First, the instrumental value of new lives is often great and different from that of consumption. Second, new lives are widely held to have non-instrumental value, unlike most consumption. Even those who deny that future individual lives have value should accept that the future of humanity is important in some collective sense. Third, the consumption of our children (and later descendants) is the result of their voluntary actions and so not relevantly ascribable to us, even if we are responsible for the minimal consumption required for a decent life. Fourth, the environmental impact of procreation is delayed in time in ways not applicable to consumption. Fifth, the environmental harm from the consumption of our descendants is conditional on the future actions of others, making it less attributable to us. Sixth, our procreative choices affect the procreative choices of others in ways our consumption choices do not.

Simon Caney (University of Warwick): “Ecological Liberalism and Sustainable Development”

Population size is widely agreed to be one of the drivers of environmental sustainability. Many have argued that, given this, there should be concerted efforts to limit global population growth or even global population size. A variety of different proposals have been defended. Sarah Conly (2016) argues that each couple is entitled to one child; Christine Overall (2012) proposes one child per person. Others do not prescribe specific quotas but argue for policies designed to discourage or disincentivise procreation (Cafaro 2012; Cripps 2015; Hickey, Rieder & Earl 2016; Rieder 2016).

In this paper I defend an alternative approach – what I term Ecological Liberalism. This is built around five key values – Equality, Liberty, Responsibility, Subsidiarity and Democracy. Drawing on the first three values it argues that individuals should each live within certain ecological limits (limits that reflect an Egalitarian theory of justice), that each can choose how to live within those limits (reflecting the value of Liberty) and that persons should bear the costs of their own decisions (reflecting the value of Responsibility). This approach needs, however, to be supplemented. An individual's ecological footprint is often profoundly shaped by factors beyond their control – the nature of the built environment, the design of buildings, the structure of towns and cities, the energy system, and so on. These factors are routinely ignored in philosophical debates about environmental sustainability, but they have momentous impacts on the volume of people's emissions. Given this, we need to go beyond a purely individualistic approach.  My proposal is that there where people's ecological footprint is profoundly shaped by collective factors (say a city's layout) those affected should have democratic control over the nature of these factors (Democracy) and can be held accountable for their decisions (Responsibility). In line with a principle of Subsidiarity, these decisions should be taken at as local a level as is possible compatible with honouring principles of ecological sustainability. I argue that this approach is not only the fairest and most liberty-respecting way of ensuring that individuals. and societies live within their ecological limits. It also encourages experimentation and social learning, and is the most politically feasible approach.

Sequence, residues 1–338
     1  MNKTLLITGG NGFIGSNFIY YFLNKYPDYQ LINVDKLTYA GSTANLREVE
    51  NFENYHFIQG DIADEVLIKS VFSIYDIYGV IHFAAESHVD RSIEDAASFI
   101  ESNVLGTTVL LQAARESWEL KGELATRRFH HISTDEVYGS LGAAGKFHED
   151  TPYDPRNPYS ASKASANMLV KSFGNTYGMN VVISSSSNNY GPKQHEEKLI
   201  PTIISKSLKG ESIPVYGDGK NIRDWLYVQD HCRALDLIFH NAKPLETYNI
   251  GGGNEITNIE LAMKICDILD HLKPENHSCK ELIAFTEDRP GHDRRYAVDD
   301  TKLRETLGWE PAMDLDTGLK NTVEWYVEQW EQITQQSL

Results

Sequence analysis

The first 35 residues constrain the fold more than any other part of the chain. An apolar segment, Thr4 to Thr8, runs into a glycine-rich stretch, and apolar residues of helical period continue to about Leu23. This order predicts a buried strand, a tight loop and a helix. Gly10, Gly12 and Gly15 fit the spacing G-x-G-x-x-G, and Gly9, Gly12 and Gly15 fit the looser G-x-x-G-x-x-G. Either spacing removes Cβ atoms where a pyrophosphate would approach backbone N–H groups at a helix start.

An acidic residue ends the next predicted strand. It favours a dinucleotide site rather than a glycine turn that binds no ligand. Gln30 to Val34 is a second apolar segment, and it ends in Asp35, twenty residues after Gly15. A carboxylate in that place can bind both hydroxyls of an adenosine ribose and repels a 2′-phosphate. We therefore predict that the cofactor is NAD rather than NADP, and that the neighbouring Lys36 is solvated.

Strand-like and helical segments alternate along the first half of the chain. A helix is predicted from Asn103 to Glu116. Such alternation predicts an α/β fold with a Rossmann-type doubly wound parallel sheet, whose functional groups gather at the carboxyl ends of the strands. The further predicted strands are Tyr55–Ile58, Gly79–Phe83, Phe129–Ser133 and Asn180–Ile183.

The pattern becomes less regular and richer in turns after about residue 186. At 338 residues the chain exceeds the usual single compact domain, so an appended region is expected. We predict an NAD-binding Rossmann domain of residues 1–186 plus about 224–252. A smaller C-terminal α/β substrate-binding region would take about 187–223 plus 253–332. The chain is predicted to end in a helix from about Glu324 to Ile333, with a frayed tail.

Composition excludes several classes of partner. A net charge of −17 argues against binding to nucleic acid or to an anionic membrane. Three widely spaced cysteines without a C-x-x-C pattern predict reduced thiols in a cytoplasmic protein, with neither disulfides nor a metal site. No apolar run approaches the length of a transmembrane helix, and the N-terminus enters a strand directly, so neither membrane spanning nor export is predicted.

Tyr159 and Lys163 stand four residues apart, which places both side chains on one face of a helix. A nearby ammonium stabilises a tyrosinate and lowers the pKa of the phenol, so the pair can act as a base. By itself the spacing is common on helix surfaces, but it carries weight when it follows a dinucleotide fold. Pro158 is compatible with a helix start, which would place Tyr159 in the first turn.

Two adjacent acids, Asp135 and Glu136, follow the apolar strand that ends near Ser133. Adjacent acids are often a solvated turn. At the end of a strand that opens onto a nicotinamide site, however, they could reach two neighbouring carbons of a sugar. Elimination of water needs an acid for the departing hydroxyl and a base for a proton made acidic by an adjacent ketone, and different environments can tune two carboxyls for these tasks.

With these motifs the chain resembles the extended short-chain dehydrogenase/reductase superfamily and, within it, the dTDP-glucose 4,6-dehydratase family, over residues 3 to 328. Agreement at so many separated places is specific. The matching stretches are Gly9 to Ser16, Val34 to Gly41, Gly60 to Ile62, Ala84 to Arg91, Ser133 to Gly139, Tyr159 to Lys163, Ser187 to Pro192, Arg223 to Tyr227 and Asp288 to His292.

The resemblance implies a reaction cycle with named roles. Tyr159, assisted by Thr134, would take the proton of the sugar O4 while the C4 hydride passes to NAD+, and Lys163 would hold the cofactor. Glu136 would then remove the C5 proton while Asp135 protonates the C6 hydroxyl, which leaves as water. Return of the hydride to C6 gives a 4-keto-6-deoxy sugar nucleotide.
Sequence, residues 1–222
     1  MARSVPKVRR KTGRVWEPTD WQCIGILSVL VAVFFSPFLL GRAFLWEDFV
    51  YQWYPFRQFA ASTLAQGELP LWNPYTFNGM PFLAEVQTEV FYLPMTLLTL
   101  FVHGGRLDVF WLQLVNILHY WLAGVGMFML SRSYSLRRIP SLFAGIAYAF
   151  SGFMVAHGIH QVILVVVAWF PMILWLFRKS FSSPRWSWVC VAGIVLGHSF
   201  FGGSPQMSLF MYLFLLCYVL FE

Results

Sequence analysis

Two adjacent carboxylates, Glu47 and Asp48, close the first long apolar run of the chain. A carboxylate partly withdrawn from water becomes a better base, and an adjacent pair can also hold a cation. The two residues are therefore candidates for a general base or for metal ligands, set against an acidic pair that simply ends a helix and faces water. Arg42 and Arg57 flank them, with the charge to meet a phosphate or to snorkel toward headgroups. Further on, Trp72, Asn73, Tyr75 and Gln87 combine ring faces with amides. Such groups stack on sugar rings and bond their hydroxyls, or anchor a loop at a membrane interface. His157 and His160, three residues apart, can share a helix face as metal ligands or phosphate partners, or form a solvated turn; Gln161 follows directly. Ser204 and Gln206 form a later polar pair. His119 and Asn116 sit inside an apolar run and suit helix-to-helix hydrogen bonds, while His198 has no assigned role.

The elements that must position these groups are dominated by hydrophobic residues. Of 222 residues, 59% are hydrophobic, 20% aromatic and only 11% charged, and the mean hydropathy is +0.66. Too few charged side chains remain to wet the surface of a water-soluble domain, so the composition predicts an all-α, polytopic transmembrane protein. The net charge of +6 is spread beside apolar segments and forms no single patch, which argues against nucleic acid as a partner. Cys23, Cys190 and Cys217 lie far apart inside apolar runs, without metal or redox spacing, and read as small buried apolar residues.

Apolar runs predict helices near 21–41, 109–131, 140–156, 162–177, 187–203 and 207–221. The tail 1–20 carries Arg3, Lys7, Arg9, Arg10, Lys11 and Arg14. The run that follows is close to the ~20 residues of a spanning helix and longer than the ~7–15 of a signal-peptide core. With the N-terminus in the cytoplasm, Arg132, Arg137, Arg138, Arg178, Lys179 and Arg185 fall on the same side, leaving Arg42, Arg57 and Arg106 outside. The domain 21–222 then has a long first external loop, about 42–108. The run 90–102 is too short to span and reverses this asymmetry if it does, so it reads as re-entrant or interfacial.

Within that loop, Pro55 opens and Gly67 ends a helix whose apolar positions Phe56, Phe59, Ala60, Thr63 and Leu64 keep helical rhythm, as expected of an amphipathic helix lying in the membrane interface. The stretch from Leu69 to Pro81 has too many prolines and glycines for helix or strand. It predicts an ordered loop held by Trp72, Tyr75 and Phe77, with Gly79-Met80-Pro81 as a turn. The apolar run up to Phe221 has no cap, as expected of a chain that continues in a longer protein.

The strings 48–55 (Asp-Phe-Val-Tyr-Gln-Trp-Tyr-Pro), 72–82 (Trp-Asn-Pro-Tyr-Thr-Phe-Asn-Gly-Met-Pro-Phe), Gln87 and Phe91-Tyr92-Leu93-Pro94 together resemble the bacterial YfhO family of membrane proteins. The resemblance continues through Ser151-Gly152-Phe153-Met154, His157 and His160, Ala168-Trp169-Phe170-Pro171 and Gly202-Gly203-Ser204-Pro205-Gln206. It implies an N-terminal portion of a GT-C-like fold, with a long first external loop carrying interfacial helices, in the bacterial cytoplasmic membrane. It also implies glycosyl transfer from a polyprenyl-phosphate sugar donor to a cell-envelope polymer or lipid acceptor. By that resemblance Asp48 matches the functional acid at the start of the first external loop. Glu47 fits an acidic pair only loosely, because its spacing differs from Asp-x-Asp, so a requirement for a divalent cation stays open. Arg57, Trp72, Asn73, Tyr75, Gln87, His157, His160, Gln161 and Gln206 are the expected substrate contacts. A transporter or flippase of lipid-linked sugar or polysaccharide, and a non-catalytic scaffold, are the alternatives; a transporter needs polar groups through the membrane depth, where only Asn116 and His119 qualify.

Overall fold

The point then is that individuals and societies are subject to responsibilities to limit their ecological footprint, but they can choose *how* they discharge their responsibility. Each must live within limits, but it is not for others to prescribe specifically how they do it. Many factors determine individuals' and societies' ecological footprint - procreative choices, levels of investment in technology, afforestation programmes, building design, infrastructure, the layout of towns and cities, diet, travel, lifestyle choices, how much people work, and so on. It is misplaced, I argue, to propose any environmentally-motivated principle for procreative limits in isolation of the other determinants. Having set out and defended this approach I respond to four objections.